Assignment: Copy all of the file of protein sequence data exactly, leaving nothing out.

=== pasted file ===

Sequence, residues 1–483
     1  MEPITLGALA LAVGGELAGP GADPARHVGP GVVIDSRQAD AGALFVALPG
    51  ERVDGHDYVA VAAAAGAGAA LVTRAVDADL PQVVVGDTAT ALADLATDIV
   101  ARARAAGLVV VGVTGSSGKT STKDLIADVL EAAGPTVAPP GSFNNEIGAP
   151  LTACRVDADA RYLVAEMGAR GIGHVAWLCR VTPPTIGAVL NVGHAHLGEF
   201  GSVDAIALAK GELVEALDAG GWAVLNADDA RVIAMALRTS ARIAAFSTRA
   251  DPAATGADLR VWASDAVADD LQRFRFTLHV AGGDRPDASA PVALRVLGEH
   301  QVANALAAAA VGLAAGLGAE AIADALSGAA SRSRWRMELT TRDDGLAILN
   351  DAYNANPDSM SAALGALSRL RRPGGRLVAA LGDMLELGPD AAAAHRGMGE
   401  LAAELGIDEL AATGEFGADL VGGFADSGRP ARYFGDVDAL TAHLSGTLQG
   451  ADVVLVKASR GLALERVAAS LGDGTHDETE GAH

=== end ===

Sequence, residues 1–483
     1  MEPITLGALA LAVGGELAGP GADPARHVGP GVVIDSRQAD AGALFVALPG
    51  ERVDGHDYVA VAAAAGAGAA LVTRAVDADL PQVVVGDTAT ALADLATDIV
   101  ARARAAGLVV VGVTGSSGKT STKDLIADVL EAAGPTVAPP GSFNNEIGAP
   151  LTACRVDADA RYLVAEMGAR GIGHVAWLCR VTPPTIGAVL NVGHAHLGEF
   201  GSVDAIALAK GELVEALDAG GWAVLNADDA RVIAMALRTS ARIAAFSTRA
   251  DPAATGADLR VWASDAVADD LQRFRFTLHV AGGDRPDASA PVALRVLGEH
   301  QVANALAAAA VGLAAGLGAE AIADALSGAA SRSRWRMELT TRDDGLAILN
   351  DAYNANPDSM SAALGALSRL RRPGGRLVAA LGDMLELGPD AAAAHRGMGE
   401  LAAELGIDEL AATGEFGADL VGGFADSGRP ARYFGDVDAL TAHLSGTLQG
   451  ADVVLVKASR GLALERVAAS LGDGTHDETE GAH